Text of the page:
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The case for emerging markets

Good prospects for emerging markets don't mean that you should plunge in
The case for emerging markets

A recent survey by asset manager Franklin Templeton found that despite 93 per cent of respondents using products made in emerging markets, only 11 per cent of them invested in them. The Foreign To Familiar report found that this is partly because of a lack of familiarity with and some misconceptions about these markets.

Franklin Templeton, which runs a number of emerging markets funds including Templeton Emerging Markets Investment Trust (TEM), also argues that people are missing out on potential investment returns by eschewing this part of equity markets. And there is a very strong investment case for emerging markets, in particular for growth, the arguments for which you can read about in our articles.

But investors need to factor in emerging markets' risk and volatility. So you should not invest in them if you have a short investment timescale and or a low-risk appetite. You should not invest in any equity investment if you cannot hold it for at least five years and, with emerging markets, preferably longer. This kind of asset needs time to grow and you should avoid drawing from investments when they have fallen in value.

Emerging markets could, for example, be held during the accumulation stages of pension and retirement savings funds until a few years before you start drawing from them. And if you're going to keep your pot invested for income drawdown rather than buying an annuity, a portion of it could remain in this high growth area.

Emerging markets could also be held in a junior individual savings account (Jisa) until the child is age 13 – or older if they are not going draw from it the moment they reach age 18.

Darius McDermott, managing director of broker Chelsea Financial Services, adds: “Higher-risk income investors could consider a small allocation as there are some attractive dividends on offer that can help diversify income streams.”

Emerging markets equities should be held as just one part of a well diversified portfolio. Advisers and wealth managers generally suggest having a single digit percentage of your overall investment portfolio in them. McDermott, for example, says that they could account for 5 to 10 per cent. But he adds: “If you are looking to the growth of Asia in particular, then maybe up to 25 per cent.”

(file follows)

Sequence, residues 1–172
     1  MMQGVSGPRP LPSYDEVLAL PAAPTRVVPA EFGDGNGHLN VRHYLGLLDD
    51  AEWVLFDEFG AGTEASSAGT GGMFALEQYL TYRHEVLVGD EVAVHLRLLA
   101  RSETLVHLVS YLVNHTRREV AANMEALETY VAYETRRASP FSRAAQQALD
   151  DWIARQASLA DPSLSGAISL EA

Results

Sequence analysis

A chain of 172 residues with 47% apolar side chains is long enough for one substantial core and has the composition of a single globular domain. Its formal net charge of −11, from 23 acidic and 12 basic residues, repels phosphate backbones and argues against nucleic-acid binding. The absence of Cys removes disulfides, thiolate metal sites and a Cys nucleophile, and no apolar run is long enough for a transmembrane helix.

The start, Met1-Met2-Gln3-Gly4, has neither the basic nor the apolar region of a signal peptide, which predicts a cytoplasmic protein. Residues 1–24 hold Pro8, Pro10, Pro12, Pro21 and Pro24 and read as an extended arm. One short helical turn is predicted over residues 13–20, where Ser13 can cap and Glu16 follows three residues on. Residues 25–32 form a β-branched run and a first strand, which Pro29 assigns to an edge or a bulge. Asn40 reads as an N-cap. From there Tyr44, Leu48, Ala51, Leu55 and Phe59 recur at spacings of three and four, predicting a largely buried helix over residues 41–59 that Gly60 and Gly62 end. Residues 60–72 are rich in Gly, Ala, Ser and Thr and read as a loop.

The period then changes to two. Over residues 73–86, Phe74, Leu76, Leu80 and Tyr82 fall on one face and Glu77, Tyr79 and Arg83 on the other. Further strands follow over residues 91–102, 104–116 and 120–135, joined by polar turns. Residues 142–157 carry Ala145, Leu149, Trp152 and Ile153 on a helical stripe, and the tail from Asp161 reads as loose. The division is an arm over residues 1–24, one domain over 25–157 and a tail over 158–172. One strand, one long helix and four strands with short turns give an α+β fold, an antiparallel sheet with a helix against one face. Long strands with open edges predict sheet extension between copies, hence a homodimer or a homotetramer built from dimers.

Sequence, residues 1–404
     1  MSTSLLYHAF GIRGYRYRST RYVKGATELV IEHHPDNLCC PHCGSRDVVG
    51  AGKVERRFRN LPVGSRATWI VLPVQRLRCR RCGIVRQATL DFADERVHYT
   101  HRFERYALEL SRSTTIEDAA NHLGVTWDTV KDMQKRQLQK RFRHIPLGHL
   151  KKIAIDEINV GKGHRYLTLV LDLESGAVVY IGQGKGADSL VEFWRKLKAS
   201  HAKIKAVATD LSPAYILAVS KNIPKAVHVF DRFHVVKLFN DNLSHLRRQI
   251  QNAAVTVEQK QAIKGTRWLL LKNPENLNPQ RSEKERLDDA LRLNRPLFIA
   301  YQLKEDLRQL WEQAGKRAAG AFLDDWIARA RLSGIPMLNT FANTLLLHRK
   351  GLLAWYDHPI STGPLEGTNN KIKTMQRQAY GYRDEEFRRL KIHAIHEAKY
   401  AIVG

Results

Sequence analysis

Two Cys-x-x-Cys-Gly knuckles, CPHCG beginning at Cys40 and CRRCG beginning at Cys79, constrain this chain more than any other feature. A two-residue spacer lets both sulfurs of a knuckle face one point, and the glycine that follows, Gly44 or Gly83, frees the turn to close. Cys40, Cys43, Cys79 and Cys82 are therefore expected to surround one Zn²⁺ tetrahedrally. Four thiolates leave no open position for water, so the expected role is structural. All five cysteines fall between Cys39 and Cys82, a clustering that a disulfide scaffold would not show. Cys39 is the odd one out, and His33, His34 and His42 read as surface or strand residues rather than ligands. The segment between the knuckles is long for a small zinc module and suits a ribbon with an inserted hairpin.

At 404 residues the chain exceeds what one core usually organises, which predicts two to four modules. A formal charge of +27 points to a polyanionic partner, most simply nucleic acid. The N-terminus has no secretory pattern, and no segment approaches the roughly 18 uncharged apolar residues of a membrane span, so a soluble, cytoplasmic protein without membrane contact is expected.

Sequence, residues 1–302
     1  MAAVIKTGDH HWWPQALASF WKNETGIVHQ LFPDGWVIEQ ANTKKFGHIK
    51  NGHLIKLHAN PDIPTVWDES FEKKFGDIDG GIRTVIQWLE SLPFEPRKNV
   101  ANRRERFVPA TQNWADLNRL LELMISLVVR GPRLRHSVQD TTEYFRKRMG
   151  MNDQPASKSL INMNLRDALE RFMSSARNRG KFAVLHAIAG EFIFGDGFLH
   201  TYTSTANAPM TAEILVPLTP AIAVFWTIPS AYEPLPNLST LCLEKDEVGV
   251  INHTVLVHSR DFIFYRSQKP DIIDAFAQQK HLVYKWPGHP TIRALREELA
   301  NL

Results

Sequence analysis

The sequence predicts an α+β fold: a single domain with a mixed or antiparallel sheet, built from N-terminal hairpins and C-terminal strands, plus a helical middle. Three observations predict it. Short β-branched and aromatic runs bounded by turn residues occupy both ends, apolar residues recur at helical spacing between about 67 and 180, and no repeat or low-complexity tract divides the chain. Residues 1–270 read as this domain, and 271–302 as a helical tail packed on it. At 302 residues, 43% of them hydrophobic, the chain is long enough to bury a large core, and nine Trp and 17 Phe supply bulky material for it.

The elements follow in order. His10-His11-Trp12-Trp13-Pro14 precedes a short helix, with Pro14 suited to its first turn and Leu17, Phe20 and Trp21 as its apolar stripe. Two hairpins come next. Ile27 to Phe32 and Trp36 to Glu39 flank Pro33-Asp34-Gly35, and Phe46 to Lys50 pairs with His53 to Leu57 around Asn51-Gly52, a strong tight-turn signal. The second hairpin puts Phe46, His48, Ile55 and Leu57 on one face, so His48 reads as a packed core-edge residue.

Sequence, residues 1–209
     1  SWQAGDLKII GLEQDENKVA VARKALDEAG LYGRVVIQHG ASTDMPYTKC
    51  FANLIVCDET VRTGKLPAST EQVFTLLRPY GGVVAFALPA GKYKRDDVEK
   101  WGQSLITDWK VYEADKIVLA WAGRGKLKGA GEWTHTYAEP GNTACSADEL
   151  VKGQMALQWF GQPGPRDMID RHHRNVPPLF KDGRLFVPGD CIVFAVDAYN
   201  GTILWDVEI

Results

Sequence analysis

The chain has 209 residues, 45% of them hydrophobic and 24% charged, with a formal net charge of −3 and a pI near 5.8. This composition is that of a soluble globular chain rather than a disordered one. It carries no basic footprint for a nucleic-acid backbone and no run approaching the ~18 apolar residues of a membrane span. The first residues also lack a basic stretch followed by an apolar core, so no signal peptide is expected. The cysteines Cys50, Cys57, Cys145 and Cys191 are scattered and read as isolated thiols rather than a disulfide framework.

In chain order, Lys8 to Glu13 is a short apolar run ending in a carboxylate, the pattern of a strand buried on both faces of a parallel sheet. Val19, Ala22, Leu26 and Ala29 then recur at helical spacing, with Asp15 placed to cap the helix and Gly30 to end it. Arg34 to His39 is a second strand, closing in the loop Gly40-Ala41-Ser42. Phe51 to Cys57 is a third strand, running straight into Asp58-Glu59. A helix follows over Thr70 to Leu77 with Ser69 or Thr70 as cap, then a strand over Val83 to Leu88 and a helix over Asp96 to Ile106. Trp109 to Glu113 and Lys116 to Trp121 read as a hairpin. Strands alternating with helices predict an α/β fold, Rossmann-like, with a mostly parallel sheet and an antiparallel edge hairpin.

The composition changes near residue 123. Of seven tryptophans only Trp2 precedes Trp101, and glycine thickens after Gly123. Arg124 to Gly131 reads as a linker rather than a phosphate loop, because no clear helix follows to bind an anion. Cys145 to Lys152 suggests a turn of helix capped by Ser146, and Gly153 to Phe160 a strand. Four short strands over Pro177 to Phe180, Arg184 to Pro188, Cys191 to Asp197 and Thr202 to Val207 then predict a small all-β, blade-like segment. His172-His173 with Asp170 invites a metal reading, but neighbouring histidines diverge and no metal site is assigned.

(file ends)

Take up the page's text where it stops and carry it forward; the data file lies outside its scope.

Which raises a complication – potential overlap with Asia ex-Japan funds. These are likely to have large allocations to India and China so may hold some of the same stocks as global emerging markets funds.

“Asia is now such a dominant presence in emerging markets, in many ways it makes [sense] to consider your exposure to Asia ex-Japan and global emerging markets funds as part of the same stack,” says Jason Hollands, managing director of investment platform Bestinvest. “But there are some differences: for example, many Asia ex-Japan funds include exposure to Australia and Singapore – developed markets.”

So Hollands says that the following allocations could be indicative of possible allocations to emerging markets and Asia. But he adds: “These aren’t tactical calls, just an idea of a starting point which assumes that the portfolio includes other asset classes. But there clearly will be variations around this depending on the current outlook and your personal risk appetite.”


Type of fundPossible exposure for different types of investor (%)
Asia ex Japan2.53.544.56
Global emerging markets22334
Source: Jason Hollands, Bestinvest